- The California Privacy Rights Act (CPRA) - the California ballot proposition that amended the CCPA, with some provisions becoming effective December 16, 2020, and all provisions now effective as of January 1, 2023; and
- The updated March 29, 2023, CPRA regulations – these updated the original CCPA regulations, and enforcement of these updated regulations has been delayed until March 29, 2024.
|The takeaway: To be clear, the CPRA is not a separate law from the CCPA, but rather just an amendment to the CCPA. The March 29, 2023, regulations (Updated Regulations) expound upon the requirements created by the CPRA amendment now in effect and update the prior CCPA regulations for cohesion. (Keep in mind that the California Privacy Protection Agency is still working on rules related to cybersecurity audits, risk assessments, and automated decision-making. Based on the court’s ruling delaying enforcement of the Updated Regulations, these additional regulations cannot be enforced until one year after they are completed.)|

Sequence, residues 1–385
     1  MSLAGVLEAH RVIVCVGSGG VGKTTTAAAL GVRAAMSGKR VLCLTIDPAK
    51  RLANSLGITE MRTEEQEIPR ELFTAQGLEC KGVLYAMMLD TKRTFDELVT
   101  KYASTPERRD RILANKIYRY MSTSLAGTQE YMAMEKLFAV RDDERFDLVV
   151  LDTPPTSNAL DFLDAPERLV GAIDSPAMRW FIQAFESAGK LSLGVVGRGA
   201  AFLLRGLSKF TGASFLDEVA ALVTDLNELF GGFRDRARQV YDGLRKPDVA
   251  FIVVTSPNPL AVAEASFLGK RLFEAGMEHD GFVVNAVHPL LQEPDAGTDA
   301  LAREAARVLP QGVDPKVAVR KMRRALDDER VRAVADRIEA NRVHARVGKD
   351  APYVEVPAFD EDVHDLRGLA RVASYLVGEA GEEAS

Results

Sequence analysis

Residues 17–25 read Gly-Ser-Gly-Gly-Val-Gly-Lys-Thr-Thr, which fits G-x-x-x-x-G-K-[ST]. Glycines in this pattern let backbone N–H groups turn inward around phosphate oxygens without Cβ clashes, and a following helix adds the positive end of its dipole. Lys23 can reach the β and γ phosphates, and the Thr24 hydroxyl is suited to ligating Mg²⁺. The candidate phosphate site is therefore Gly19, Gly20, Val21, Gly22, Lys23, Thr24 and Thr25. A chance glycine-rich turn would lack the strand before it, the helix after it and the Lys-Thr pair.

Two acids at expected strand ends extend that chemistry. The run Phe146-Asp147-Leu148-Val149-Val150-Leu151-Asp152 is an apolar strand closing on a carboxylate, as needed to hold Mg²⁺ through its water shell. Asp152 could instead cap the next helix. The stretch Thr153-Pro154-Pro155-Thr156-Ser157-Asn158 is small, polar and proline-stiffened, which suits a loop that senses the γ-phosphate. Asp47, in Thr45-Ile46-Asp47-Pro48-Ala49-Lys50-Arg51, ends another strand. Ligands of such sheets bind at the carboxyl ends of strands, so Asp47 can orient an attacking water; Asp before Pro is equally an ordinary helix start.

2. With the delay in the Updated Regulations, has the definition of “consumer” changed to exclude employees, job applicants, and business-to-business relationships?
No. The CCPA has always (since January 1, 2020) considered employees, job applicants, and persons acting in the business-to-business context to be consumers. Those exemptions just temporarily limited what rights people acting in those contexts had under the CCPA — that is until the sunset date for the exemptions. (The business-to-business exemption covered people acting on behalf of a business; it essentially extended the employment-related data exemption to data of employees of other businesses.)